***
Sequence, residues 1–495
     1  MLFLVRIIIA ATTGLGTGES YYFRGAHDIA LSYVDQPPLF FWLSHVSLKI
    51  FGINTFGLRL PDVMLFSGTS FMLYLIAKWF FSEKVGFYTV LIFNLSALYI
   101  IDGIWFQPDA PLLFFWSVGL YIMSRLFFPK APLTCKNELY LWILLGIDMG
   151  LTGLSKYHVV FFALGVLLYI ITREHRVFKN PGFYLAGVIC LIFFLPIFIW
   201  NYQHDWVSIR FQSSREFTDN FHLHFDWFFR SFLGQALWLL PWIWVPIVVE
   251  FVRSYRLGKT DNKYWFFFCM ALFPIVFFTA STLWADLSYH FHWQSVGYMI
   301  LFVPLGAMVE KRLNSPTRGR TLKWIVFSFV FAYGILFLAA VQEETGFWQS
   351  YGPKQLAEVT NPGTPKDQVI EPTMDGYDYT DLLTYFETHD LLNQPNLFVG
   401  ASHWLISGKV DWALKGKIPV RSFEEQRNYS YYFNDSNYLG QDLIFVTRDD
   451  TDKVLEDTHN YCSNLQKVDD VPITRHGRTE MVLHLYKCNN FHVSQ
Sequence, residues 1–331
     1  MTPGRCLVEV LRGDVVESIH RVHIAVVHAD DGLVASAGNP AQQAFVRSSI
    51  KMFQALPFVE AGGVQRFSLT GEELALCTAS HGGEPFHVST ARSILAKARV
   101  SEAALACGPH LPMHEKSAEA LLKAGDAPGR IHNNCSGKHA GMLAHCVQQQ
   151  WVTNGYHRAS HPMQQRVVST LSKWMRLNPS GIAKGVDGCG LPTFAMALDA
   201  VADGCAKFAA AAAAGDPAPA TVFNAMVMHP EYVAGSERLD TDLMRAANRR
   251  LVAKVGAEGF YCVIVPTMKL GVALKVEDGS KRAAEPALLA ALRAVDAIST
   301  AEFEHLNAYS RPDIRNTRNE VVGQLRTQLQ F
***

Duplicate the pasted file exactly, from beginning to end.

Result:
Sequence, residues 1–495
     1  MLFLVRIIIA ATTGLGTGES YYFRGAHDIA LSYVDQPPLF FWLSHVSLKI
    51  FGINTFGLRL PDVMLFSGTS FMLYLIAKWF FSEKVGFYTV LIFNLSALYI
   101  IDGIWFQPDA PLLFFWSVGL YIMSRLFFPK APLTCKNELY LWILLGIDMG
   151  LTGLSKYHVV FFALGVLLYI ITREHRVFKN PGFYLAGVIC LIFFLPIFIW
   201  NYQHDWVSIR FQSSREFTDN FHLHFDWFFR SFLGQALWLL PWIWVPIVVE
   251  FVRSYRLGKT DNKYWFFFCM ALFPIVFFTA STLWADLSYH FHWQSVGYMI
   301  LFVPLGAMVE KRLNSPTRGR TLKWIVFSFV FAYGILFLAA VQEETGFWQS
   351  YGPKQLAEVT NPGTPKDQVI EPTMDGYDYT DLLTYFETHD LLNQPNLFVG
   401  ASHWLISGKV DWALKGKIPV RSFEEQRNYS YYFNDSNYLG QDLIFVTRDD
   451  TDKVLEDTHN YCSNLQKVDD VPITRHGRTE MVLHLYKCNN FHVSQ
Sequence, residues 1–331
     1  MTPGRCLVEV LRGDVVESIH RVHIAVVHAD DGLVASAGNP AQQAFVRSSI
    51  KMFQALPFVE AGGVQRFSLT GEELALCTAS HGGEPFHVST ARSILAKARV
   101  SEAALACGPH LPMHEKSAEA LLKAGDAPGR IHNNCSGKHA GMLAHCVQQQ
   151  WVTNGYHRAS HPMQQRVVST LSKWMRLNPS GIAKGVDGCG LPTFAMALDA
   201  VADGCAKFAA AAAAGDPAPA TVFNAMVMHP EYVAGSERLD TDLMRAANRR
   251  LVAKVGAEGF YCVIVPTMKL GVALKVEDGS KRAAEPALLA ALRAVDAIST
   301  AEFEHLNAYS RPDIRNTRNE VVGQLRTQLQ F